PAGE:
Monday, August 24, 2009

(Your Joking)

I pull in at the local Shell service station to get some mints, they are eighty six cents, I put a dollar on the counter. The Indian guy is casting around for something.

"What's up?" I say
"I am looking for the calculator, the machine is broken."
"Mate, it's fourteen cents" I say, incredulous.
"The change, it's fourteen cents"
"Ah, I found it!" He is relieved. click click click
"You are right, it's fourteen cents"
We don't have one cent coins anymore, So what's going to happen next I wonder?
He hands me fifteen cents. (Why were they priced at eighty six cents anyway?)
"Aren't you doing computers at uni?" I ask.
"Yes, information technology."
I'm almost speechless. I have chatted with this guy before, he going to a uni or college for computers.
"How are you going to get on with 2s complement, signed and unsigned stuff?" I ask
"Sorry, what compartment?"
"Never mind, see you later." I say, and exit the shop.
I hope he doesn't end up building missile software.

That night I think about this, can I still remember this complement stuff? Do IT guys even need to know this anymore.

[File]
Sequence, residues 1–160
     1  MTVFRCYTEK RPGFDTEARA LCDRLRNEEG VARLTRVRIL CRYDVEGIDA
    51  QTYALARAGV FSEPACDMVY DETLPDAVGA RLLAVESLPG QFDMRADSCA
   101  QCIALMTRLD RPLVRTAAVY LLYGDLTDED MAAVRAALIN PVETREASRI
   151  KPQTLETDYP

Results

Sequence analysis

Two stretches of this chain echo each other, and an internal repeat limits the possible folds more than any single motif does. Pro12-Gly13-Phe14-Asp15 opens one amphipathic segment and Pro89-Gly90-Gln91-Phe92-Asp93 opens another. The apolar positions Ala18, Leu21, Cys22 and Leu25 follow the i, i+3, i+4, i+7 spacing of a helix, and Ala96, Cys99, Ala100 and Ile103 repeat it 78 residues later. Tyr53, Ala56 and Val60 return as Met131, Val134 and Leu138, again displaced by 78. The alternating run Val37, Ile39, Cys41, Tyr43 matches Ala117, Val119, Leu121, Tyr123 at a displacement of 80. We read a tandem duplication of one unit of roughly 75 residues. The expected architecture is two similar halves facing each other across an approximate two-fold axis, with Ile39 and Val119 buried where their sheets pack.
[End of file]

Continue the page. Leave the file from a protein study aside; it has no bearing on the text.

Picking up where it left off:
*= $0000
    LDA #$56       ;86
    EOR #$7f       ;xor 1111111
    ADC #$81       ;2s complement
    ADC #$64       ;add to 100
    STA io_puth    ;should be 14
    ;Another easier way, no complementing at all
    ;Must remember the borrow though
    LDA #$64       ;100
    SBC #$56       ;subtract 86
    STA io_puth    ;should be 14

Hmmm, took me a bit longer than it used to. Peter Norton reckoned that assembler was a waste of time anyway. So perhaps you don't need to know this stuff. Maybe why the HP-16C is dead and burried. But surely there is a line. OK. I can't do long division - I use a calculator. But eighty-six from a hundred? Julius Sumner Miller hated calculators. Kids will become "Mathematical Slobs". He may have been right.

Look what the car and other appliances have done to our waistlines and fitness. What will these 'thinking' machines do to our brains. It's a way off yet, but we could all come to a sticky end.
Deus Est Machina


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